I wrote this piece in 1998 for The Salt Journal, a short-lived magazine founded by my good friend David Barton, a damn good writer (and son of my longtime mentor and friend Bob Barton, Jr.). David had a vision of a journal devoted to mythology, religion and psychology. We didn’t succeed (I think we published about seven or eight issues), but the few months I helped David with the journal were some of the most fun and rewarding of my journalistic career. This piece was based on a shorter column I had written for USA TODAY.
A RECENT ARTICLE in a Texas newspaper spoke of mal de ojo and described it as “the evil eye,” which is the way that term is often translated in this country’s media.
Growing up in South Texas in the 50s and 60s, I was never too far away from mal de ojo; It was very much a part of my life, like a cold or a toothache. Someone – either a member of my immediate family or a neighbor or a friend – was at one time another known to be suffering from el mal de ojo.
The evil eye makes for good copy, but it is an awful translation. And an incorrect one. It introduces a concept of evil into something that has nothing at all to do with evil. And in so doing, it does a great disservice to a phenomenon that has such value.
It was not something we feared, for it was nothing sinister, and did not involve the casting of wicked spells or the mutilation of voodoo dolls. It was – and remains – simply something that results from carelessness or neglect.
When we talked about somebody giving someone, we usually meant that someone had admired a person – a baby or young child, more often than not – and then failed to reach out to touch that person, to pat her gently on the head, to caress her. It was never enough to utter our admiration of another person: we had to demonstrate, in a physical way, what we felt.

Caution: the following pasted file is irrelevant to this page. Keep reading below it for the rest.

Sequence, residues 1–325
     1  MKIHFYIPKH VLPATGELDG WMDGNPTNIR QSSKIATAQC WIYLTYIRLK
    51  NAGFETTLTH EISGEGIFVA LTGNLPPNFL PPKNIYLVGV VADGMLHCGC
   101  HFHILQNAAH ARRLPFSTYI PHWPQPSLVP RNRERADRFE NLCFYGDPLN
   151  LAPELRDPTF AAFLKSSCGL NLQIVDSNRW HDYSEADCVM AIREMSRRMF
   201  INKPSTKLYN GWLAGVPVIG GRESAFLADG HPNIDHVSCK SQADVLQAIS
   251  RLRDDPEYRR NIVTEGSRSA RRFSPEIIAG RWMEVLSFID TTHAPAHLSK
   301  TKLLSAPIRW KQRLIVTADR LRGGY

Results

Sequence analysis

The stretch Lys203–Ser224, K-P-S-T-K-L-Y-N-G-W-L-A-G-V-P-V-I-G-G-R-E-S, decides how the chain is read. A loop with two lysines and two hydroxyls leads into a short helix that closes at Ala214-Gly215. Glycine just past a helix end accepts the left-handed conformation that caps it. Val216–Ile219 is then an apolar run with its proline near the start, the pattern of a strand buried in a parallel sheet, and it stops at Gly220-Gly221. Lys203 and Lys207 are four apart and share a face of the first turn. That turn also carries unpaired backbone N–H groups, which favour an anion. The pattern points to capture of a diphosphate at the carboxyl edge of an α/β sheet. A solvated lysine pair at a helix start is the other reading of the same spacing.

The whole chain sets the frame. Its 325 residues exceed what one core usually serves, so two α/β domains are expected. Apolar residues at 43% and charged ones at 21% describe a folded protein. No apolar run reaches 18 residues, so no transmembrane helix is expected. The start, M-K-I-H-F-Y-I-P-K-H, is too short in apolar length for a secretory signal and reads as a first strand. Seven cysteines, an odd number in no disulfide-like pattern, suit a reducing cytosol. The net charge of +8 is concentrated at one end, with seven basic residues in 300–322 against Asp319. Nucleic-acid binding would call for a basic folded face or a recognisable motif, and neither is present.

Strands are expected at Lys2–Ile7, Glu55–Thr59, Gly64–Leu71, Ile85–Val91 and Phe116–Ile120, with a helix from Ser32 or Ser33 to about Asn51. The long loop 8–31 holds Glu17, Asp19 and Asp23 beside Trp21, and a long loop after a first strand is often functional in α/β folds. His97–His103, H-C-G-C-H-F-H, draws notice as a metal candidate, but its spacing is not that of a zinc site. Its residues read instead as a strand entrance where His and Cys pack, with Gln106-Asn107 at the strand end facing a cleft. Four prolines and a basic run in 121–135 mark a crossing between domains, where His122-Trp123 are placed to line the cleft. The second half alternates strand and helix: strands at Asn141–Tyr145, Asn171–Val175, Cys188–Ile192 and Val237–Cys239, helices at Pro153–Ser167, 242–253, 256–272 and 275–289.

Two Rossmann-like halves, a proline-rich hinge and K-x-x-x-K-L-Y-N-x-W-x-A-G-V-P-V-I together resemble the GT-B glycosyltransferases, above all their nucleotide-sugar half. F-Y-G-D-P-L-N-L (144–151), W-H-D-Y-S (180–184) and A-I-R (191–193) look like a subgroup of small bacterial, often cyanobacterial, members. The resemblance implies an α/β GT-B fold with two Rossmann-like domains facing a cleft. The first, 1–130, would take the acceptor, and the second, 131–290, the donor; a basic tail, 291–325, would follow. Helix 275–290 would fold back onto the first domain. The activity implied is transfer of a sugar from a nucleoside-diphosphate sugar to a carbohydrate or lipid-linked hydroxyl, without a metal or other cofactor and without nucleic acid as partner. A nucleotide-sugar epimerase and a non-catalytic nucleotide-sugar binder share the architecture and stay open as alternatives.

The reason no one made a big deal out of mal de ojo was that there was a quick and easy remedy. All that was required was a person like Tía Sara, my mother’s sister, someone known for her healing powers.
Not exactly a curandera, for curanderas are more like doctors in that healing is there full-time vocation. But every Mexican family has its own Tía Sara (almost always a female), someone who was perhaps a bit more sensitive to those around her, who’s got a special touch. They may have full-time jobs, or they may keep busy throughout the day taking care of their households, but in the evening, they can be called upon to pass their healing hands over ailing bodies.
They never get paid for those services, other than perhaps with a cup of coffee, some pan dulce and a heartfelt gracias.
MY FIRST AND only personal brush with the mal de ojo came when I was about 5 years old. I paid a visit to another aunt, Tía Chavela, who lived across the street. Tía Chavela was the widow of Tío Tula, my father’s older brother. She was a teaser and she loved to pump us for information. She would have made a great talk show host.
“Which uncle do you like the most,” went a typical question. Your Tio Juan or Tío Adrian? If we were too quick with an answer to that one, she’d have another one ready. Which aunt? Which grandmother? Which godmother?